When the sex positivity movement reached the internet in the mid-aughts, it upended mainstream conversations about sex. Suddenly, health experts and sex educators had a platform to fill the massive gaps in knowledge left by abstinence education and culturally held stigmas.
Fast-forward to now and the popular opinion is unequivocal: Sex is a good thing that everyone should be doing.
At some point, mainstream media’s giddy embrace created a flurry of interest in the health benefits of sex. These articles cite a jumble of research — on topics such as sleep, immunity, and migraines — to make the oversimplified point that having sex, no matter the quality, automatically makes you healthier.
“Sex is fun, sex is a beautiful bonding experience, sex is sweaty and smelly and full of laughing and moaning — it is not a vitamin,” says sex educator Hannah De Priest. “If you want a health plan, meet with a dietitian or sign up for a yoga class.”
The idea that the more sex we have, the healthier we will be is rooted in the idea that all sex is created equal. But if the sex you’re having causes strife or mental turmoil, it’s not worth the physical benefits — and it might actually do more harm than good.
Consider this commonly cited 2004 study, which suggests that frequent sex supports immunity. The study found that couples who had sex at least twice a week had more IgA (a protein important for immune function) in their saliva than the couples who had sex less than once a week.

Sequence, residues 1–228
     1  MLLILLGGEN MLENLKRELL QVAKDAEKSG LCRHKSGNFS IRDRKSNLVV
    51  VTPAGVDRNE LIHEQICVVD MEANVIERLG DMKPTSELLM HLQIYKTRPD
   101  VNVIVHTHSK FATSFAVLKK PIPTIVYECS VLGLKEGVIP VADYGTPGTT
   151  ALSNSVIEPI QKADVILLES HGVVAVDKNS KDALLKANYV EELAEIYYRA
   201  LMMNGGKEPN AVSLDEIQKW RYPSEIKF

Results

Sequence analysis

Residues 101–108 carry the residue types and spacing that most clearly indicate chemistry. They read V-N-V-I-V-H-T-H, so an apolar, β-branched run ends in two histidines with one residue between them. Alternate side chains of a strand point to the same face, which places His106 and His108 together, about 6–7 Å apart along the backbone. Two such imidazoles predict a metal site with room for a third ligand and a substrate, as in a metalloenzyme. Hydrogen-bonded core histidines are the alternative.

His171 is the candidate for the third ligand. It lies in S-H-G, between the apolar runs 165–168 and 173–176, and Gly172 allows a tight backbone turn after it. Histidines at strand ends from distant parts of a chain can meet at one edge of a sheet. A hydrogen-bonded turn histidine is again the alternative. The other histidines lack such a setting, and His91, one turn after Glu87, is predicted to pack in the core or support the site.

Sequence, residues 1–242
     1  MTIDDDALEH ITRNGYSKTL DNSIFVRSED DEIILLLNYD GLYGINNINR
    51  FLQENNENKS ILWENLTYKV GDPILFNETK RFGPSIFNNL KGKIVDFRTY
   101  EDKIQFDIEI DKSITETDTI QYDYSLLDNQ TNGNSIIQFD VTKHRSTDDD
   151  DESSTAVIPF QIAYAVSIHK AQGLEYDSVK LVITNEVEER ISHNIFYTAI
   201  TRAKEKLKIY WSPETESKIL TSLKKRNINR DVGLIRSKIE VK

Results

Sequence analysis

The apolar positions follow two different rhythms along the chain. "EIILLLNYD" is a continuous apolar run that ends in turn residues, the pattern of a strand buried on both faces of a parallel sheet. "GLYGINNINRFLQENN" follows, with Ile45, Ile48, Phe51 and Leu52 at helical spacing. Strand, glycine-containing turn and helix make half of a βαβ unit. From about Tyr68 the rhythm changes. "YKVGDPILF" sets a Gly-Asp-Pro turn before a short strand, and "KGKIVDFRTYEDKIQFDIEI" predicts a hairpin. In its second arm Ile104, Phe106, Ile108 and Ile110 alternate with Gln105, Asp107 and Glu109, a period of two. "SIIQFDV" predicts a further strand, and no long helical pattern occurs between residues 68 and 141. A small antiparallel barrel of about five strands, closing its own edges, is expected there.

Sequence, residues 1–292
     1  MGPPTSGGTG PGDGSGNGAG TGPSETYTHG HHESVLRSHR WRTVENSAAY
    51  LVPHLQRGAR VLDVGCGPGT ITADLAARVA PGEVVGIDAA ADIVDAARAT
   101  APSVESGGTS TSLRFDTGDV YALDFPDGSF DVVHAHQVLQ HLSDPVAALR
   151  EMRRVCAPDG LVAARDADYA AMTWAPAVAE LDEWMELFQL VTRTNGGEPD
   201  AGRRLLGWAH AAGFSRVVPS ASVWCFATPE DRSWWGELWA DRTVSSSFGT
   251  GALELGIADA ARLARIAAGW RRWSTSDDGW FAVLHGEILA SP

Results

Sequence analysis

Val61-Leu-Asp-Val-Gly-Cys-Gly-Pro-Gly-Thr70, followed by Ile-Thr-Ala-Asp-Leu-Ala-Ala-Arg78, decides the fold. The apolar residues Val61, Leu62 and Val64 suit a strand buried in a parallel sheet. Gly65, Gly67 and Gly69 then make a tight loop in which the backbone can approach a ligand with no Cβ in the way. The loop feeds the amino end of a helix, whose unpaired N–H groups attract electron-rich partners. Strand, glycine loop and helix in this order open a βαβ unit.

But the couples who had sex more than three times a week actually had less IgA. The authors hypothesized that despite having the most sex, these couples were also the most stressed, which led to weaker immune systems.
On the other hand, a 2017 study suggests that pleasurable sex is the key to a happy marriage. The researchers examined the relationship between sex and marital satisfaction in 105 couples over a 14-year period. The results suggest that “a satisfying sex life and a warm interpersonal climate” matter more than having sex frequently.
“When we talk about the health benefits of sex, we talk about the health benefits of orgasm, or maybe kissing, but we don’t talk about all of the other ways that intimacy can be built with another person that just feels good,” says Sierra.
Here are some tips for having emotionally healthy sex.
Communicate your wants and needs
This is your biggest asset in having sex that makes you feel safe, secure, and excited. But it’s also not easy. Here’s Sierra’s advice:
- First, communicate with yourself. “First, try to figure out why you want to have sex with someone else. That can help put you in the mindset of achieving what you want to achieve,” Sierra says.
- Tell the other person what you want. Kissing, orgasms, or physical closeness — whatever it may be, let them know. “[I] make sure that I’m laying out what I want to experience, but I’m open to all of the fun things in between,” Sierra says.